ExpiresJune 28, 2025
CME Provider: JAMA
Description of CME Course
A woman with a history of intravenous heroin use and chronic inactive hepatitis B virus infection had sudden onset of painless jaundice and malaise. Vital signs, mentation, and physical examination were normal except for scleral icterus; she reported no history of travel outside the US and no raw meat ingestion; aminotransferase and bilirubin levels were newly elevated, but she had no acute hepatitis A or C virus infection. What is the diagnosis and what would you do next?
1. This activity is accredited by the American Medical Association.
2. This activity is free to AMA members.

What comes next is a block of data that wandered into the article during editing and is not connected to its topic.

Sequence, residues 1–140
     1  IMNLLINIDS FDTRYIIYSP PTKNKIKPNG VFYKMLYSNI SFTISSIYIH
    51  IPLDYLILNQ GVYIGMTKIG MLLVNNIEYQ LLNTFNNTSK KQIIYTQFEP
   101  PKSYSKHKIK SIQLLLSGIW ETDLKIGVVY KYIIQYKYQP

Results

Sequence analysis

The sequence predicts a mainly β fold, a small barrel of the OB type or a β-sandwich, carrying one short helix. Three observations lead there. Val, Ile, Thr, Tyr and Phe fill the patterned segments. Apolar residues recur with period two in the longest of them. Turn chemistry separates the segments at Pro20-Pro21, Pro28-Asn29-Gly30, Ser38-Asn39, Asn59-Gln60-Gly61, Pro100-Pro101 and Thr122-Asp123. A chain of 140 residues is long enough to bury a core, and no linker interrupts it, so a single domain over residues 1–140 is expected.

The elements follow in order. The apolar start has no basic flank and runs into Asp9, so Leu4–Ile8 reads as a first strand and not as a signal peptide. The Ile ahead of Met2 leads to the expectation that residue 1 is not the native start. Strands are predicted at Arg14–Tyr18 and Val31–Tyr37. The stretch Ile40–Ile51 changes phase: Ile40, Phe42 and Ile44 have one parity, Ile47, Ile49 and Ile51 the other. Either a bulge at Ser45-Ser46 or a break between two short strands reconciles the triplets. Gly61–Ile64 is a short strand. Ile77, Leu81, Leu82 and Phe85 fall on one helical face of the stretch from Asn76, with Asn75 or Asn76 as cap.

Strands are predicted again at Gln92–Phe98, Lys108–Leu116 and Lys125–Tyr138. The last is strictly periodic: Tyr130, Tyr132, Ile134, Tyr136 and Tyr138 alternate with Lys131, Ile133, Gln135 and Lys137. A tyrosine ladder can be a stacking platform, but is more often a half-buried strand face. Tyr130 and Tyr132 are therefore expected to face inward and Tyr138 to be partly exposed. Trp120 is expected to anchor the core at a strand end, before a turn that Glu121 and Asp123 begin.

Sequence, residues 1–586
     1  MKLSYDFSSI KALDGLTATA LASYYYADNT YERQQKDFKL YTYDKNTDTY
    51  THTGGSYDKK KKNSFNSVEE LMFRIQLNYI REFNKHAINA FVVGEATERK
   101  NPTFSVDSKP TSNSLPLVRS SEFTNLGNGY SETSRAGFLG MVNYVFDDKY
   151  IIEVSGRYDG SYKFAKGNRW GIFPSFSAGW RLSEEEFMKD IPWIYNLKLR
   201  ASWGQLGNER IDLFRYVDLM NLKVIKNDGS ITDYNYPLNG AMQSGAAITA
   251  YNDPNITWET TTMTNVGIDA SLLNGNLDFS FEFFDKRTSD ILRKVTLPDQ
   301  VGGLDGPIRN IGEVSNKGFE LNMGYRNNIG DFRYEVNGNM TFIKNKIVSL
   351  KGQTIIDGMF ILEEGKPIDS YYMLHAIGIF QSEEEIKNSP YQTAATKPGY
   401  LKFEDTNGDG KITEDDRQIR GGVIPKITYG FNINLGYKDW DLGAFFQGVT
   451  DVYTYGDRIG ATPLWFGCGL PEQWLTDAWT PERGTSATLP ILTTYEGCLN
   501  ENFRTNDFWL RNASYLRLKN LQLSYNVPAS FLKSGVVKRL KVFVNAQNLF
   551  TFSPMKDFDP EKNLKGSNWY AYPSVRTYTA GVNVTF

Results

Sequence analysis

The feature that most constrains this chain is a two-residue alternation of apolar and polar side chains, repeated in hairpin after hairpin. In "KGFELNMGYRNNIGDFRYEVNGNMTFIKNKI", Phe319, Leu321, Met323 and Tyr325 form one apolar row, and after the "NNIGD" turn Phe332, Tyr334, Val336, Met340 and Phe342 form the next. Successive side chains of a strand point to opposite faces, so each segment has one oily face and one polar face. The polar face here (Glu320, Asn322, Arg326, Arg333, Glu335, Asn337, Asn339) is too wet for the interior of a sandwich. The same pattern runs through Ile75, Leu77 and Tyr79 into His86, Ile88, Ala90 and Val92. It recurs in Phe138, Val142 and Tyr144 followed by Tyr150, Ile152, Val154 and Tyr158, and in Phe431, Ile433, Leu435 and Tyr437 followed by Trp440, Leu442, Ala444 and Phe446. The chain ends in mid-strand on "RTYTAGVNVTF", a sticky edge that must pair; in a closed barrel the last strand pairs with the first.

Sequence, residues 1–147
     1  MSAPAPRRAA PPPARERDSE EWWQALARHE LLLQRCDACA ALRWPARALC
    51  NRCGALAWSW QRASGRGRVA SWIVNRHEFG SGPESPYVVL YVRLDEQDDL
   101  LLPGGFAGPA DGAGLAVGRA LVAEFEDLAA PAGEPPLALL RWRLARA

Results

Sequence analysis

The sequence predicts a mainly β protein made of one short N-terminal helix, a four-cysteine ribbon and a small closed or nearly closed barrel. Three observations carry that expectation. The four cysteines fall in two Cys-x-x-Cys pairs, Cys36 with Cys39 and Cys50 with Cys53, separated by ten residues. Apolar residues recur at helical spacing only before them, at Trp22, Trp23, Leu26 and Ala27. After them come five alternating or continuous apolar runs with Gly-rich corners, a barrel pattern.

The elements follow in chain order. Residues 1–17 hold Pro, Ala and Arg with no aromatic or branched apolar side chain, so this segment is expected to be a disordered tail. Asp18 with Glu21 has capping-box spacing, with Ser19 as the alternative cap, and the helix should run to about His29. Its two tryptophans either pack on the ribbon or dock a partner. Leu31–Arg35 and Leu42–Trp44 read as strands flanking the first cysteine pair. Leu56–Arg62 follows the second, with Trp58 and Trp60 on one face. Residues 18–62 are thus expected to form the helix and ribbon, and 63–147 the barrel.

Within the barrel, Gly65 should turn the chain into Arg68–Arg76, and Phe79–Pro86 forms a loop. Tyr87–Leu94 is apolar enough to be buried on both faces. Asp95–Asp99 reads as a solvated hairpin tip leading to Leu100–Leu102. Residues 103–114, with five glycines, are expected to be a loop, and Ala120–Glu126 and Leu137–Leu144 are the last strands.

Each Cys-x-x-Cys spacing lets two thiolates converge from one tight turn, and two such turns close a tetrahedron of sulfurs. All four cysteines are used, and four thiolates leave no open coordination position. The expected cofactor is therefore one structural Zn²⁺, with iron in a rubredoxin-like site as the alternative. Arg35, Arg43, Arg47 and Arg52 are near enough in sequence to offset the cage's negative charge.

ABMS Member Board Approvals by Type
ABMS Lifelong Learning CME Activity
Allergy and Immunology
Colon and Rectal Surgery
Medical Genetics and Genomics
Physical Medicine and Rehabilitation
Psychiatry and Neurology
NOTE: If a Member Board has not deemed this activity for MOC approval as an accredited CME activity, this activity may count toward an ABMS Member Board’s general CME requirement. Please refer directly to your Member Board’s MOC Part II Lifelong Learning and Self-Assessment Program Requirements.
Based on this clinical scenario and the accompanying image, understand how to arrive at a correct diagnosis.
Clinical Challenge, Infectious Diseases, Gastroenterology and Hepatology, Hepatitis B, Hepatobiliary Disease
CME Credit Type
AMA PRA Category 1 Credit